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Pakistani capital prepares for protest by thousands of followers of mysterious cleric

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    Pakistani Sunni Muslim cleric Tahir-ul-Qadri, 61, center, leaves Lahore to lead an anti-government march to the capital Islamabd, Pakistan, Sunday, Jan 13, 2013 in Pakistan. After years in Canada, Qadri returned to Pakistan last month and gave a speech demanding that sweeping election reforms be implemented before elections expected to take place this spring. On Thursday, Pakistan's Minister of Interior Rehman Malik issued a strongly worded statement that Qadri would not be allowed to rally in Islamabad, warning that the Taliban might attack the event. (AP Photo/K.M. Chaudary) (The Associated Press)

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    A girl holds Pakistani flags during a rally lead by the Pakistani Sunni Muslim cleric Tahir-ul-Qadri, unseen, as they march towards Islamabad, in Lahore, Pakistan, Sunday, Jan. 13, 2013. After years in Canada, Qadri returned to Pakistan last month and gave a speech demanding that sweeping election reforms be implemented before elections expected to take place this spring. On Thursday, Pakistan's Minister of Interior Rehman Malik issued a strongly worded statement that Qadri would not be allowed to rally in Islamabad, warning that the Taliban might attack the event. (AP Photo/K.M. Chaudary) (The Associated Press)

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    Supporters of Pakistani Sunni Muslim cleric Tahir-ul-Qadri, 61, march towards the capital Islamabad, Pakistan, Sunday, Jan 13, 2013 in Pakistan. After years in Canada, Qadri returned to Pakistan last month and gave a speech demanding that sweeping election reforms be implemented before elections expected to take place this spring. On Thursday, Pakistan's Minister of Interior Rehman Malik issued a strongly worded statement that Qadri would not be allowed to rally in Islamabad, warning that the Taliban might attack the event. (AP Photo/K.M. Chaudary) (The Associated Press)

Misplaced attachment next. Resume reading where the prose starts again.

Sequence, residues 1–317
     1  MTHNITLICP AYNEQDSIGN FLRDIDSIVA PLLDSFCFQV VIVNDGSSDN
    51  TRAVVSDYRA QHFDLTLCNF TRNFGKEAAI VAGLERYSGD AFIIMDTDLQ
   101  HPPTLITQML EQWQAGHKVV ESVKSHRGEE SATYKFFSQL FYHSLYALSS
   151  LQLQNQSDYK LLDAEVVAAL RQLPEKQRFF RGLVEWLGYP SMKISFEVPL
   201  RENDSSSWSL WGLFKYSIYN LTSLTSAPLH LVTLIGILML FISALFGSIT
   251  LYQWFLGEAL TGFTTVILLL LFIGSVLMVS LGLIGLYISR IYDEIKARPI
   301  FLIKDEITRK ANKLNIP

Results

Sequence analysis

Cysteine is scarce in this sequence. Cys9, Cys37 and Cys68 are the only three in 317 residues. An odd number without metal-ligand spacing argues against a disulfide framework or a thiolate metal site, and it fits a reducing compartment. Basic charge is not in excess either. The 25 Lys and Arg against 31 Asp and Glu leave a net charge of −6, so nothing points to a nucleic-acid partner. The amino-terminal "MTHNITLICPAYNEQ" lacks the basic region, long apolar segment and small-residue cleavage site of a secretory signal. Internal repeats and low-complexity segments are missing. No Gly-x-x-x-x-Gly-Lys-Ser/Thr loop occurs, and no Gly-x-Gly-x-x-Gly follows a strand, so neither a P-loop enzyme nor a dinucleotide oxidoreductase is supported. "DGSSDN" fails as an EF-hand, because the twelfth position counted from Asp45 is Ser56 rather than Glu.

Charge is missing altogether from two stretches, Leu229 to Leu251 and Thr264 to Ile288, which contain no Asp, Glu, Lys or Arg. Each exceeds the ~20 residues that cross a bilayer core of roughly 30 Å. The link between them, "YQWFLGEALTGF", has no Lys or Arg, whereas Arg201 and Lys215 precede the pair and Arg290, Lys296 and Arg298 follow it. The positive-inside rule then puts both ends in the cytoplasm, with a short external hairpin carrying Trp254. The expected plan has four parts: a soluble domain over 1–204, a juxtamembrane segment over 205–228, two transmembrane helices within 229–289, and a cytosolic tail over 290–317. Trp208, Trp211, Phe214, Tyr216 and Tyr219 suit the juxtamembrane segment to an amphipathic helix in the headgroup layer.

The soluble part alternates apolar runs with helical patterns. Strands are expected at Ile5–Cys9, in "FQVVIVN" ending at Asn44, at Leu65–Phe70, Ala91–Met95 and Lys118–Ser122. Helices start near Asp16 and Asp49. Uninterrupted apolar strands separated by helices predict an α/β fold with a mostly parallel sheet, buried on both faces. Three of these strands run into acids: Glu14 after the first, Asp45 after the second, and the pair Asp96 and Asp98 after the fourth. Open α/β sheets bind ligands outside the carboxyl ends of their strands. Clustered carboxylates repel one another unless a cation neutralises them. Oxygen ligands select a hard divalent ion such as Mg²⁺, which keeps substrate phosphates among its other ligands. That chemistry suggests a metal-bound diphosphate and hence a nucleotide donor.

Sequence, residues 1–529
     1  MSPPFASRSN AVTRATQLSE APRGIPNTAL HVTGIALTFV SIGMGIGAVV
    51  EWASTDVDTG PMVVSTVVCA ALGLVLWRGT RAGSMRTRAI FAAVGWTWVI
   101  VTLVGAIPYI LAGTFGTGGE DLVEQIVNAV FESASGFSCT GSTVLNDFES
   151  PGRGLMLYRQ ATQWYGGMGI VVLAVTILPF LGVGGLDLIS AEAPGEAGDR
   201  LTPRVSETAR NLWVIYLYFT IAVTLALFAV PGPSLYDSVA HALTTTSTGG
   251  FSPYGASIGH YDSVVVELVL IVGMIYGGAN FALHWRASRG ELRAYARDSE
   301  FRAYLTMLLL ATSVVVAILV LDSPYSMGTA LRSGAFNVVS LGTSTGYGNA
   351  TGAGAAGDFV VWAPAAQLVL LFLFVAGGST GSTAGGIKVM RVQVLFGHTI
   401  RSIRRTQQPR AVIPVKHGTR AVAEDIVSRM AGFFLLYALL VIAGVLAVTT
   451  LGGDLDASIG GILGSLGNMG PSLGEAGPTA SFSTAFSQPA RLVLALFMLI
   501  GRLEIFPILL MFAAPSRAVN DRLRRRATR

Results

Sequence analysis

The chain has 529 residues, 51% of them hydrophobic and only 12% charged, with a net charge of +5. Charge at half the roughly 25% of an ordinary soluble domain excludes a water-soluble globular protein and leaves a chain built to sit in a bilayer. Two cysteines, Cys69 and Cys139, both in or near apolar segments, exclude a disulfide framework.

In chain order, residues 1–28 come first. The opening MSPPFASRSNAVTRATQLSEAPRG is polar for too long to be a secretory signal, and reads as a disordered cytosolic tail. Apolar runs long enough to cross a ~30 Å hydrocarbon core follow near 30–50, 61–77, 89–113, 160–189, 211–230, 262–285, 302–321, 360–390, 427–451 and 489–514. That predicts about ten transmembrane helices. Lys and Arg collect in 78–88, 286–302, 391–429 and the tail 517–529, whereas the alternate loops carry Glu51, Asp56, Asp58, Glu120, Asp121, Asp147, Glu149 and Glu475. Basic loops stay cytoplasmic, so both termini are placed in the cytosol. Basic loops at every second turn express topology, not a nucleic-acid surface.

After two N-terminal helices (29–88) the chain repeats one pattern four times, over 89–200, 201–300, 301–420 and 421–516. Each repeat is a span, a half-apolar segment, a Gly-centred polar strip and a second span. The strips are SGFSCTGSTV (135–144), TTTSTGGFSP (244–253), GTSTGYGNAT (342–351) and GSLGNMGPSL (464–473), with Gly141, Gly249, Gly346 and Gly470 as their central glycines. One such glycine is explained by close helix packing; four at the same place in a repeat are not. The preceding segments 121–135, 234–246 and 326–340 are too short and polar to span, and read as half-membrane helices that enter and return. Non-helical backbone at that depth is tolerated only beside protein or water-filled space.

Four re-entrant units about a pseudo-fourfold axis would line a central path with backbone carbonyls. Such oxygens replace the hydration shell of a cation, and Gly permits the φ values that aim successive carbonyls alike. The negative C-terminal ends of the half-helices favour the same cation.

Pakistani officials are preparing for thousands of supporters of a fiery cleric calling for election reforms to descend on the country's capital.

Supporters of Tahir-ul-Qadri are expected to arrive in Islamabad on Monday.

Thousands of police have been deployed in the capital, and police in riot gear are manning the main roads and streets of Islamabad.

Authorities have used shipping containers to block off the part of the city where most government offices and embassies are located.

Qadri returned to Pakistan in December after living for years in Canada.

His calls for vague reforms ahead of elections this spring have galvanized many Pakistanis disenchanted with the political system.

But he's worried observers who fear the cleric is a front for the military to derail the democratic process.